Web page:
5. Widgets will be used to add additional functionality to the existing VLE to enhance teaching and learning experiences online. Furthermore, some specific widget applications will be developed to support learning activities which are designed to meet particular educational purposes for the course.

To me, this course provides a good case study for exploring how an institutional VLE can be extended to provide an open and shared learning space and a protected private space for preparing the course itself and carrying out the assessment. It also presents opportunities to investigate how widgets and web-based tools can be used to support both personalised learning and collaborative teaching and learning within and beyond institutions.

Widgets meetup in London

The Widgets Working Group gathered in London last week to share ideas and their work on developing widgets infrastructure for teaching and learning. Following the  introduction to the day by Wilbert Kraan, our first speaker, Ross Gardler from the JISC OSS watch and Apache Software Foundation gave a brief overview of the Foundation’s developments and the strategy and mechanism they have adopted to support the developer community in engaging with open sources software. This was echoed by Scott Wilson, from a project perspective, shared his own experience, of community building and open sources projects management (audio) within the Apache Software Foundation. He then updated us on his recent work on the Apache Wookie widget engine and the progress on plug-in to LAMS, MOODLE, WORDPRESS and Elgg 1.0 through Wookie. He also demonstrated the new widgets he has developed and indicated the future directions of the work.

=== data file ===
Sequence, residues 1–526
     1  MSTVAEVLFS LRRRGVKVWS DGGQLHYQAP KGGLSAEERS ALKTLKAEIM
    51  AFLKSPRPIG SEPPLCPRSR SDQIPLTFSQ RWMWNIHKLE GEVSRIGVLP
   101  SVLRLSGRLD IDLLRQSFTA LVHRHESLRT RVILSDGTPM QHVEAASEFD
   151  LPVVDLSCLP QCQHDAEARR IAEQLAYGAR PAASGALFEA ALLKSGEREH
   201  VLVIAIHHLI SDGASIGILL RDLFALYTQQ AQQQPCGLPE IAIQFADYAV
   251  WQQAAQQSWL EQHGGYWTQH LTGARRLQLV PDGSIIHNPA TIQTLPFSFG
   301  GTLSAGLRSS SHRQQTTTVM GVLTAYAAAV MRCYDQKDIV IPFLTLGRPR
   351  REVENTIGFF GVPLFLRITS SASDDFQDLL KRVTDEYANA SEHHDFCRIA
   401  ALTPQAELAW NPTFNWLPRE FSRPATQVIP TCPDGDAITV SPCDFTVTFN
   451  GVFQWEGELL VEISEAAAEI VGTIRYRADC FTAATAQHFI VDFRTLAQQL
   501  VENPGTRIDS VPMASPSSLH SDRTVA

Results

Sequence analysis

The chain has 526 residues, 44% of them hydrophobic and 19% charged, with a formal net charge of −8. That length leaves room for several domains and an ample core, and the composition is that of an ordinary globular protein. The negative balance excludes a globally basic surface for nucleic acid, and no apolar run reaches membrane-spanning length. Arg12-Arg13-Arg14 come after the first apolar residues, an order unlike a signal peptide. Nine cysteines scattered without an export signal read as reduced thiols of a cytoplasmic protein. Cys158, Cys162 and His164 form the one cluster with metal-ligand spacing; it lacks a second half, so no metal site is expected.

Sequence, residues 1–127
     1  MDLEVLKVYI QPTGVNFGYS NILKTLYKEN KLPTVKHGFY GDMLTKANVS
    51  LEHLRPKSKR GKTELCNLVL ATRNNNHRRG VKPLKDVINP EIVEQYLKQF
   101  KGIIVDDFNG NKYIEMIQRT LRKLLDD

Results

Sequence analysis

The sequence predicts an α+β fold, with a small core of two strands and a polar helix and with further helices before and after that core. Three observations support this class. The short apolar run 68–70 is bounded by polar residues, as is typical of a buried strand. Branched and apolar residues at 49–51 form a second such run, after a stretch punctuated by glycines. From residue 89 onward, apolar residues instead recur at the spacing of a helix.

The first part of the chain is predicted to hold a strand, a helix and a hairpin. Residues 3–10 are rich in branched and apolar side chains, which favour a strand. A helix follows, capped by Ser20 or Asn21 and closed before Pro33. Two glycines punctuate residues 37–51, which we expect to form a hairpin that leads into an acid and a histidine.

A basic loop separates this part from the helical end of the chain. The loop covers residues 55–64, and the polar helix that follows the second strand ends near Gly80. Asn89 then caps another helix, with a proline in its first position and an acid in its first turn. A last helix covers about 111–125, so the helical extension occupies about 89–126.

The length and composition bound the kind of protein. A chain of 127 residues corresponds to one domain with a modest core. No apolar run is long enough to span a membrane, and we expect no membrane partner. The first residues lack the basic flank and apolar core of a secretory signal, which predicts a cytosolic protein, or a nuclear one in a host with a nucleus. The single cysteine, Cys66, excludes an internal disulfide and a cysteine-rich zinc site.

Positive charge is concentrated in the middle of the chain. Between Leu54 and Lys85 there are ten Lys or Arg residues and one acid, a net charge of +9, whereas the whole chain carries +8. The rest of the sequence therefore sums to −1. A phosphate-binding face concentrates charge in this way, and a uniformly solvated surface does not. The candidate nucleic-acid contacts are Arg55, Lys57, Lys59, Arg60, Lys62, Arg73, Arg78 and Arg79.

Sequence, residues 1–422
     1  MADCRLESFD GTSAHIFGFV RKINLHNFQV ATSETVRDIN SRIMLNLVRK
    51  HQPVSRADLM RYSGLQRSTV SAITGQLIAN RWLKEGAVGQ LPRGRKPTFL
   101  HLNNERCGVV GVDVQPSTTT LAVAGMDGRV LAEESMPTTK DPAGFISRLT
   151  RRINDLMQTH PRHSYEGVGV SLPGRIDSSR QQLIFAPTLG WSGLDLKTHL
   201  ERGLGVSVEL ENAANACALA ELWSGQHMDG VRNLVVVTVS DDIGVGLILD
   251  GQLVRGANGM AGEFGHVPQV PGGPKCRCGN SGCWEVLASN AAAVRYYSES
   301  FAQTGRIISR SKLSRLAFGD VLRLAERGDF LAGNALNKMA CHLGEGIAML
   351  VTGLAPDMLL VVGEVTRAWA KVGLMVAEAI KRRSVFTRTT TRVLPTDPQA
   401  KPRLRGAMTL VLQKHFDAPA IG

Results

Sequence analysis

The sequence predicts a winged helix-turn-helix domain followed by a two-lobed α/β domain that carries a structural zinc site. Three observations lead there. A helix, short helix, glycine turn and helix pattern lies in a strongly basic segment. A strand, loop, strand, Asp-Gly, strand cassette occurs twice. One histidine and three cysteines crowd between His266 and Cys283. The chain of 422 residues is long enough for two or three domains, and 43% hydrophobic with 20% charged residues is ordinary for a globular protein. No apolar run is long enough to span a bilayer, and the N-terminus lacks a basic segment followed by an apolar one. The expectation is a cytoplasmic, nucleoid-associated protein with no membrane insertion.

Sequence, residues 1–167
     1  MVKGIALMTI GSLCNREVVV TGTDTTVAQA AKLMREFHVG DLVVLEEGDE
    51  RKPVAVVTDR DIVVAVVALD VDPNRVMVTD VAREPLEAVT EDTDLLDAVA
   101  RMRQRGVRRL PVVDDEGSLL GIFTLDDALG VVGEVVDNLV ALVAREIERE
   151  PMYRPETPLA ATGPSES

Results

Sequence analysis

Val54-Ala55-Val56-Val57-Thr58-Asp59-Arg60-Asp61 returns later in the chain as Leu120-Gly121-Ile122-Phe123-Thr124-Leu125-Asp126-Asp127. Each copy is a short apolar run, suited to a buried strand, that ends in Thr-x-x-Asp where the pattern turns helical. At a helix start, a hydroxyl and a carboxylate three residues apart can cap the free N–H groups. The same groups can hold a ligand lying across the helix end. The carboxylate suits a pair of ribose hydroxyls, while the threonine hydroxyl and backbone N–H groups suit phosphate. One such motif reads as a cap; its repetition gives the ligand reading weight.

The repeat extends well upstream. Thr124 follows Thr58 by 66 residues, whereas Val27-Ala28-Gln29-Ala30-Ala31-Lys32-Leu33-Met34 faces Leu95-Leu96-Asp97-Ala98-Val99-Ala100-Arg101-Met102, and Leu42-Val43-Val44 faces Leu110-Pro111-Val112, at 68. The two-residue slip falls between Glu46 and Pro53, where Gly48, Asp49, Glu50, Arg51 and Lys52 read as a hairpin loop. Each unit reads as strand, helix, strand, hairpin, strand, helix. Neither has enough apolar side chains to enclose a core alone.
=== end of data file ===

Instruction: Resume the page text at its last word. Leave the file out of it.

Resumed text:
Wilbert followed up with a talk on the newly realised Google Wave preview and Wookie (audio). In his presentation, he discussed the similarities and differences between wookie and wave as widget platforms, as well as the different levels of interoperability between them. He also demonstrated how to input widgets from Wookie to Wave and the other way round. Finally, Ross McLarnon and Alan Brown from Youth Media, showed the Youthwire desktop widget platform that has been adopted by many universities and colleges. They have recently developed a prototype Wookie integration that enables users to select and use Wookie widgets within the Youthwire platform (audio). Lastly, Andrew Savory from the LiMo Foundation talk about developments in widgets in a range of Linux based mobile phones, and particularly how the BONDI specification improves interoperability and functionality in that area. An important part of that work is the open source, Eclipse based BONDI Software Development Kit that is enabling widget development (audio here).